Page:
GAME OF CHICKEN

Picture a road. Picture a winding road with a divider down the middle. Picture gnarled, tropical trees casting their cool shade on the road.

Now picture cars, small Maruti Zens that look like little boxes on wheels. Picture cool Honda Cities and Mercedes Benzes cruising around like eggs encasing cool, clean air and dapper businessmen. Picture a window opening a crack, a slim forearm extending, a crumpled piece of trash falling from the hand. Picture the window closing.

Picture an auto rickshaw. Picture the three wheels, the rounded yellow top, the open sides, the headlights that make it look like a startled bug. Picture the auto driver, wearing a khaki safari suit, mouth stuffed with dip, red streams of spit erupting from his mouth. Picture honest eyes.

Picture a motorbike. Picture 2,473,000. Put them on the road with 51,513 auto rickshaws. Add the cars. Add the pedestrians. Forget a sidewalk. Forget the rules.

Picture a passenger, a girl, sitting in the backseat of a rickshaw on her way to work. Picture a dupatta thrown across her shoulders to prevent unwanted attention. Picture the girl pulling the scarf up, covering her nose and mouth to filter the exhaust from her air. Picture a car, inching closer and closer to the divider, leaving less and less room for the auto rickshaw.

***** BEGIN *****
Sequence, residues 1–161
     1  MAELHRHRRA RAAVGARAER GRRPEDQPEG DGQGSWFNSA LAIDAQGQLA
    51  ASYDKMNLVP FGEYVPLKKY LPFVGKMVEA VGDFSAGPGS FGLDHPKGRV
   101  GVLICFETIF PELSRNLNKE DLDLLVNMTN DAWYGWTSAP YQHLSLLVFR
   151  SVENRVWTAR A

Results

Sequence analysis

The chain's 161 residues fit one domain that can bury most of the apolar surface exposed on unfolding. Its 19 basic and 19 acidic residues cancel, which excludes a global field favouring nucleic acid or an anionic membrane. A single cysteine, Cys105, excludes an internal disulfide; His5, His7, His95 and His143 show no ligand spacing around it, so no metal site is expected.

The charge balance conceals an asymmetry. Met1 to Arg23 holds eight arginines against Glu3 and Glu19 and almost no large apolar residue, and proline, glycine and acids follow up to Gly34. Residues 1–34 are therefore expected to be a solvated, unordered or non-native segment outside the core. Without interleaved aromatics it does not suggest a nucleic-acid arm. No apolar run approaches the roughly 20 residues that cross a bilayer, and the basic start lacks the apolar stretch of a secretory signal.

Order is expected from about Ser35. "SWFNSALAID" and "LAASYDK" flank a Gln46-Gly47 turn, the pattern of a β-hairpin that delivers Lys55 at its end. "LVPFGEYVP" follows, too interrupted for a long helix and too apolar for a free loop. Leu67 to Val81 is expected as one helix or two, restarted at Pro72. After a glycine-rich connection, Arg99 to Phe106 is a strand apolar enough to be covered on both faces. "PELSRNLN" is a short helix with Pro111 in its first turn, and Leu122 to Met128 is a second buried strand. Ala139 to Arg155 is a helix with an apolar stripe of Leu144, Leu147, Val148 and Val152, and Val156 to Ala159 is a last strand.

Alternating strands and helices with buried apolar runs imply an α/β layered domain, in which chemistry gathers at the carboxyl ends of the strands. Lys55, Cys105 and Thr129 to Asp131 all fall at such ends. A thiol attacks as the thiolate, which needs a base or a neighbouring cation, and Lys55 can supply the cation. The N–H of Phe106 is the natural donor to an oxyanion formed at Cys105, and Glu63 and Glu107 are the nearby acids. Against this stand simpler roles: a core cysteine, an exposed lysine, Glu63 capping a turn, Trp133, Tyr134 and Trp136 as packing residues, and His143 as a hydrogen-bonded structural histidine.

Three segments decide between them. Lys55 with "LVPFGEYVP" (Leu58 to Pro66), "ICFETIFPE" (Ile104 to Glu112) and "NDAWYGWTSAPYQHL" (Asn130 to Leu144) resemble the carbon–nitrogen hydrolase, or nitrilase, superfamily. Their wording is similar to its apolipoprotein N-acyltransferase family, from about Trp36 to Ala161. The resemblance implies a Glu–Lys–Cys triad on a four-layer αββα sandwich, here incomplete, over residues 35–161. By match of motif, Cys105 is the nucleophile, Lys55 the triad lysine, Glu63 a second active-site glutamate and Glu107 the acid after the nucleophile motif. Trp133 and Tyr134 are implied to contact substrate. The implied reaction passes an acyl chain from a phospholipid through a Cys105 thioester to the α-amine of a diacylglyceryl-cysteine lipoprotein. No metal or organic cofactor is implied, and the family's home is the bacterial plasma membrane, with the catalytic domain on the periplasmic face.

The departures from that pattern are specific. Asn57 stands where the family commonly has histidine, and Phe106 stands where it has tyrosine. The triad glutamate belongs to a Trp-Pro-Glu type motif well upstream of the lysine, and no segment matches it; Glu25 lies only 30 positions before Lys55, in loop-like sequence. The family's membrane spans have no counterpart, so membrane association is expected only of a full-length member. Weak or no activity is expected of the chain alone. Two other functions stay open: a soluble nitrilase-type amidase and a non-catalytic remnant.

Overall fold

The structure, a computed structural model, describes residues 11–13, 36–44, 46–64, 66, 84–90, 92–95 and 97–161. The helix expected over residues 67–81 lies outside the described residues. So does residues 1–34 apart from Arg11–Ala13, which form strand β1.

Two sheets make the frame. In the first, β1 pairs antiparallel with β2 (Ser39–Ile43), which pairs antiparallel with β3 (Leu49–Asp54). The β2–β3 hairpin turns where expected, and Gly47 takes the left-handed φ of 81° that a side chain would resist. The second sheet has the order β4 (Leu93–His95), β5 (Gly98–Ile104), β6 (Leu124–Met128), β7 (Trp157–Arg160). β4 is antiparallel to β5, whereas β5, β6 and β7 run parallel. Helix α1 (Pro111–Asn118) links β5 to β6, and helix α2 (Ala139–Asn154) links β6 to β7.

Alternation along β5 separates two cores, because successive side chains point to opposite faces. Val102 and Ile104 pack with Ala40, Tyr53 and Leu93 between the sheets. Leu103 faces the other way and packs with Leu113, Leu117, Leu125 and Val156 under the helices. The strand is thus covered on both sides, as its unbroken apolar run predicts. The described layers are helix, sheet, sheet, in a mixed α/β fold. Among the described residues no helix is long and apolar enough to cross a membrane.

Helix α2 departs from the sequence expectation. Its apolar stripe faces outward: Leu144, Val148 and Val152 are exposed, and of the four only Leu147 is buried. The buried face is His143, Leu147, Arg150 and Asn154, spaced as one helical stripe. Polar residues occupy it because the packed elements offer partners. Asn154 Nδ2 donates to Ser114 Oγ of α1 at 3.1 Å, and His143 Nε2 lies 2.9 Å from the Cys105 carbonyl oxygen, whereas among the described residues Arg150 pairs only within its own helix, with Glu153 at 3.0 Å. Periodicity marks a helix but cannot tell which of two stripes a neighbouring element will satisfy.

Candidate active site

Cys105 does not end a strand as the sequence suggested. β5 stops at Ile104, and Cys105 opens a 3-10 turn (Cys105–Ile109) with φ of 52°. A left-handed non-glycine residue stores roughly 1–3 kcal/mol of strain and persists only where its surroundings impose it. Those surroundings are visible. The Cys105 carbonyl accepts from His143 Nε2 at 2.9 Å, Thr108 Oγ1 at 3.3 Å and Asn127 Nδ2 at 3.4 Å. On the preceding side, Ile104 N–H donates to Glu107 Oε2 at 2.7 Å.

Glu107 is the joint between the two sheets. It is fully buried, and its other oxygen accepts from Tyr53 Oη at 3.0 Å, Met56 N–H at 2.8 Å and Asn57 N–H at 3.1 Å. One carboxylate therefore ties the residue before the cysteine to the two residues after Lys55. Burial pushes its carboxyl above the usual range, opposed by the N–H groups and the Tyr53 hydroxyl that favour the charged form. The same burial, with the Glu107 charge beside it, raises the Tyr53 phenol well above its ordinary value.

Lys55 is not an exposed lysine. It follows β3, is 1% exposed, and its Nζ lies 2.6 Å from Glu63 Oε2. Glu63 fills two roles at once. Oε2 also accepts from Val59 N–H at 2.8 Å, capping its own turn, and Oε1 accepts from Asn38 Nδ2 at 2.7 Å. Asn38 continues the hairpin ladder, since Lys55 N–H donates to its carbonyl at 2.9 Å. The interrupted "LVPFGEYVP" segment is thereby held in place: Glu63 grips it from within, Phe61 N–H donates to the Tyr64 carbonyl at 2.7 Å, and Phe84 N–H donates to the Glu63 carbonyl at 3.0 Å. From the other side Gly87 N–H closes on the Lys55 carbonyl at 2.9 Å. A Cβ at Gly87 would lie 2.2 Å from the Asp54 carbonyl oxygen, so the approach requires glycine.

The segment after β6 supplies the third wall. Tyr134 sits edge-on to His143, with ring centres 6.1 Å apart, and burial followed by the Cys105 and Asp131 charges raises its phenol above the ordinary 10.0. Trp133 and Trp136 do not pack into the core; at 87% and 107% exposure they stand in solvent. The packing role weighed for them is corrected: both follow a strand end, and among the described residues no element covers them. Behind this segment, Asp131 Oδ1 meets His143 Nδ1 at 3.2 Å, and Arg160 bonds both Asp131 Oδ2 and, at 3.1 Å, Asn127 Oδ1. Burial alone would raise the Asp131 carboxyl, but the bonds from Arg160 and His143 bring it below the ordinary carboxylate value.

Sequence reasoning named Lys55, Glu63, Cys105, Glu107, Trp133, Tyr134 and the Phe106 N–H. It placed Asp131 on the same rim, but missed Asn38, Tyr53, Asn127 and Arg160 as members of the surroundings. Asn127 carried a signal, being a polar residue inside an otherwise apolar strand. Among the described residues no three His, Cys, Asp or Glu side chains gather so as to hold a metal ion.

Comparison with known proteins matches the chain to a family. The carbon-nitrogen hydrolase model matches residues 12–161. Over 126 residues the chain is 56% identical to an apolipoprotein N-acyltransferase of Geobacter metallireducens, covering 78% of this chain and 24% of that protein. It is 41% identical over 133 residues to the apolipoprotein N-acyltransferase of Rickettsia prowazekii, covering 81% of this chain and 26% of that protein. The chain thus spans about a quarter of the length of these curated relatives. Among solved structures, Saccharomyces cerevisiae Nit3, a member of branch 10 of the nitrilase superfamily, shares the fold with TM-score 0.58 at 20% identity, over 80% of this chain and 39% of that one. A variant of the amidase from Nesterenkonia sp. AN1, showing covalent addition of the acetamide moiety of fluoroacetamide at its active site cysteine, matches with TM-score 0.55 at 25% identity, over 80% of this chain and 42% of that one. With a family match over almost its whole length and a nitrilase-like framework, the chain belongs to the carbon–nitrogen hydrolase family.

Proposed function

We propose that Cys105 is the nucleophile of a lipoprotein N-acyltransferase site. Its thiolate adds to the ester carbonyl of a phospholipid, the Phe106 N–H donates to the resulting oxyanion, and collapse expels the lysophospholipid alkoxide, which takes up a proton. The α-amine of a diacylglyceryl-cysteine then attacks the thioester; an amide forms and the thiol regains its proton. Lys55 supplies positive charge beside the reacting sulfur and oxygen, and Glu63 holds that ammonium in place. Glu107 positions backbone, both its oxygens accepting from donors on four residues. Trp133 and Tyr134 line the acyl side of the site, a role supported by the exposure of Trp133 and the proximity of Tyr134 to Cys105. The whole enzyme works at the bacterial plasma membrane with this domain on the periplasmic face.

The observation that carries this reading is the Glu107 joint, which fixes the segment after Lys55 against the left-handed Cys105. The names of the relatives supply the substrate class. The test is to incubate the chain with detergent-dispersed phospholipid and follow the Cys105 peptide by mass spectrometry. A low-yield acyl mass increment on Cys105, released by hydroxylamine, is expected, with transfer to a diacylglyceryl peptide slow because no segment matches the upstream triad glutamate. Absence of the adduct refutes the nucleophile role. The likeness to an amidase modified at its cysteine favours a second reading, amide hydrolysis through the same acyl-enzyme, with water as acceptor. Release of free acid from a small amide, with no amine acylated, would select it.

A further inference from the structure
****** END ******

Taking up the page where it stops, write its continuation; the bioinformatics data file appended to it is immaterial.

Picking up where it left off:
Picture a motorbike squeezing into a space so tight that the bars skim the side of the adjacent car. Picture a pedestrian holding up his hand, gesturing the cars to STOP as he walks, leisurely, across the road. Hear honks.

Hear the put-put-put of the rickshaw’s rickety engine. Hear the baritone honk of a bus, two buses… Picture two buses hemming in a motorcycle, the motorcycle pulling back in defeat.

Picture four boys running behind the bus. A boy runs up to the bus, catches the handle, hoists himself on. He jumps off. He has won the game. The next boy tries. The bus moves faster.

Picture a family of four balanced on a motorbike. Picture a women riding sidesaddle, clutching a baby. Picture the pallu of her sari whipping behind her as the bike accelerates. Picture her pressing her nose into her husband’s back.

Picture an intersection. Picture 2 lanes being made into four. Picture an illegal U-turn. Picture a million illegal U-turns. Picture chaos. Picture order in chaos.

Picture the girl, tumbling out of the rickshaw, thanking the heavens that she is still in one piece and that she gets to ride again tomorrow.

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